Modern Physics and Jain Darshan

Narendra Bhandari

We examine here the question whether any common ground exists between Modern physics and religion, particularly the Jain Darshan. The question has arisen because some religious leaders as well as proponents of modern physics think that they belong to different spheres of activity, one dealing with soul and spirituality (which are not physical entities) and the other with matter and the physical world . The laws that govern these two are exclusive to their domain and hence it is futile to look for any overlaps between them. The religion has declared one as vidya and the other as avidya and there the partition has started. However if we consider that no religion can ignore or wish away the ground truth on which the physical universe operates, (whether some call it an illusion a la Shankara, or not), they must not only incorporate each other but be based on each other. I personally believe that any religion must encompass various aspects of physical reality as we experience in our daily life. In fact, Darshan and physics must be complementary and have similarity of concepts and postulates of these two complementary aspects of our existence i.e. Physics and spirituality must coexist. At the least, they cannot be contradictory and in reality they should derive strength from each other.

Physics believes in laws of nature but not in God. On the other hand religion believes in God as well as laws. Therefore laws provide a common ground where physics and religion may overlap. Foundations of Physics are based on certain laws, theories and principles which are derived from observations and deductions. As examples we may cite Newton’s Law of Gravitation, or Kepler’s laws of Planetary motion , Quantum theory or the Big Bang theory and principles of conservation of physical entities or attributes. In contrast, religions are based on faith, philosophical deductions and revelations. The physical laws are deduced from observations or from theoretical deductions and although the laws of physics control the physical world in a fundamental way, they are not fundamental concepts of physics. Take for example the Law of gravitation. It says that attraction between two bodies depends on their mass and varies inversely as the square of the distance between them. This affects all the physical universe but is a consequence of the principle of gravitational attraction. This immediately leads us to even more fundamental question of the origin of Mass. We may recall here Mach’s principle , which deals with the concept of origin of inertial mass. Broadly speaking Mach’s principle states that the inertial mass of a body is solely due to interaction of other bodies in the universe. Heller (1975) mentions it in the following way” The local inertial frames are entirely determined by the distribution and motion of all matter present in the universe” and Einstein formulated it as ” the entire inertia of a point mass is the effect of the presence of all other masses, deriving from a kind of interaction from the latter” There is yet no “proof” for this principle but Einstein is said to have derived much inspiration from the Mach’s principle for development of his Theory of Relativity.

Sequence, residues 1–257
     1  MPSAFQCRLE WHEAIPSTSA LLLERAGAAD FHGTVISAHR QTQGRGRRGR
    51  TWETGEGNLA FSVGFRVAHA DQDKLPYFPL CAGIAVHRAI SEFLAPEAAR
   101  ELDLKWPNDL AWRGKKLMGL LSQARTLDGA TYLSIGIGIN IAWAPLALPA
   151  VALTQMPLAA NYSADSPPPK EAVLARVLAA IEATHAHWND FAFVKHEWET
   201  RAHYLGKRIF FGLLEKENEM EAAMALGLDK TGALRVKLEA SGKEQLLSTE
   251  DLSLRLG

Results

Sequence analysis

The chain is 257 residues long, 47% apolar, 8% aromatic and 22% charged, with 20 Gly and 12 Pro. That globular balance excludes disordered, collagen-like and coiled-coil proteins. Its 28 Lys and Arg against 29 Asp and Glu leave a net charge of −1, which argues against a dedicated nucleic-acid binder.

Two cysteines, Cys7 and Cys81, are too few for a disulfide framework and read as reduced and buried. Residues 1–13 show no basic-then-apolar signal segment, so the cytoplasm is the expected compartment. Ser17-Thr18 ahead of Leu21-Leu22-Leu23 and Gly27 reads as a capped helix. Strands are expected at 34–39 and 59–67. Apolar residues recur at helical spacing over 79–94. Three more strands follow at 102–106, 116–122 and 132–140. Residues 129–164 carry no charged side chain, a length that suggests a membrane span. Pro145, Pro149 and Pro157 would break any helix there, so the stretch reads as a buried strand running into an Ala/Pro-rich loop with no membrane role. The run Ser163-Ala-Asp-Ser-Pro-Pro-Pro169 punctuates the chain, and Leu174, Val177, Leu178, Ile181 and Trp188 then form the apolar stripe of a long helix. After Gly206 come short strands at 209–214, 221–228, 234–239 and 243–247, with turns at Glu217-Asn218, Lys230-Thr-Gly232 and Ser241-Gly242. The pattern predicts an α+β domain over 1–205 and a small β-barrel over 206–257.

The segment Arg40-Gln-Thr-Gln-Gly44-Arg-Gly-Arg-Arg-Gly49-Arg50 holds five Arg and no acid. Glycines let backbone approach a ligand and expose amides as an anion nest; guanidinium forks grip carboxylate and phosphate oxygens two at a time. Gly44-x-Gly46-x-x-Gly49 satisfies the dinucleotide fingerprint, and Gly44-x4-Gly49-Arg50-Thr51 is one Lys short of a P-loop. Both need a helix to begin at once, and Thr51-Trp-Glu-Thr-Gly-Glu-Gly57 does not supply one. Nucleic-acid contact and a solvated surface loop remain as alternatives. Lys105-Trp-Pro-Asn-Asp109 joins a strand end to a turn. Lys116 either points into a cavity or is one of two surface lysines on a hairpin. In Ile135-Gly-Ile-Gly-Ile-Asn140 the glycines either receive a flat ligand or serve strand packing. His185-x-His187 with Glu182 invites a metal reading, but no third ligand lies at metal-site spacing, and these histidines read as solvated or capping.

The implication is that inertial mass cannot exist in isolation. Now we may ask if this principle can be extended to other physical entities or even spiritual entities? Is everything interactive. Are we living in a totally interactive world and everything here is interactive. The same may be postulated for life or consciousness. Life certainly cannot exist in isolation. If all living species, except one, in the universe or even on Earth vanish, the last one also will not be able to survive. Therefore the life is a result of interdependence (or interaction) with other living species. The principle of non-violence immediately follows since the whole becomes a cause for the existence of a part of it and both are indistinguishable. In effect, when, one does any harm or kills some body, howsoever primitive, one is killing a part of one self, because his very existence is interactive in nature. It is like committing a small suicide, howsoever small the quantum may be. Thus the inertial mass, which is a physical entity and the consciousness, which is a spiritual attribute, are both interactive in nature and their origin is a consequence of interaction.

Many great minds who developed the basic concepts of modern physics have written about things beyond physics. To cite a few of them, we may mention the book on “Physics and Philosophy” and “Physics and beyond” by Werner Heisenberg who gave the concept of the Uncertainty principle. There are others like Feynman (The character of Physical Law), Einstein (Ideas and Opinions) and various essays and books that deal with science, philosophy, religion, society and reality.

The crowning glory of modern physics has been the Quantum mechanics. The laws of classical physics ie of macro world are not found to be valid in microworld. It took lot of debate to understand the quantum theory and Feynman, one of the greatest minds of the modern era said “nobody understands quantum mechanics….. I am going to tell you what nature behaves like. If you will simply admit that may be she does behave like this, you will find her a delightful, enchanting thing. Do not keep saying to yourself…. ‘how it can it be like that?’ Because you will get into a blind alley from which nobody has escaped . No body know how it behaves like that.” Some Quantum phenomena can not be described in a language, they are “crazy beyond words”, and can not be comprehended.

The quantum mechanics puts severe constraints on certainty of our knowledge. Two tenets of quantum mechanics that are relevant here can be crudely described as follows. One is that the universe does not exist if you don’t observe it, equivalent to the paradox of the Schrődinger’s cat. This implies that universe and the observer exist as pairs and neither can exist without the other. The other is that a particle knows how it should behave. This is the famous two-slit experiment which is the backbone of quantum mechanics and particle wave duality. If one goes to still finer constituents of nature beyond electrons, photons and even quarks, the duality may be replaced by multifacetedness or manifoldedness. The atma is considered to be ati-sukshma, so it may be reasonable to expect that it will have more attributes, may be infinity of attributes.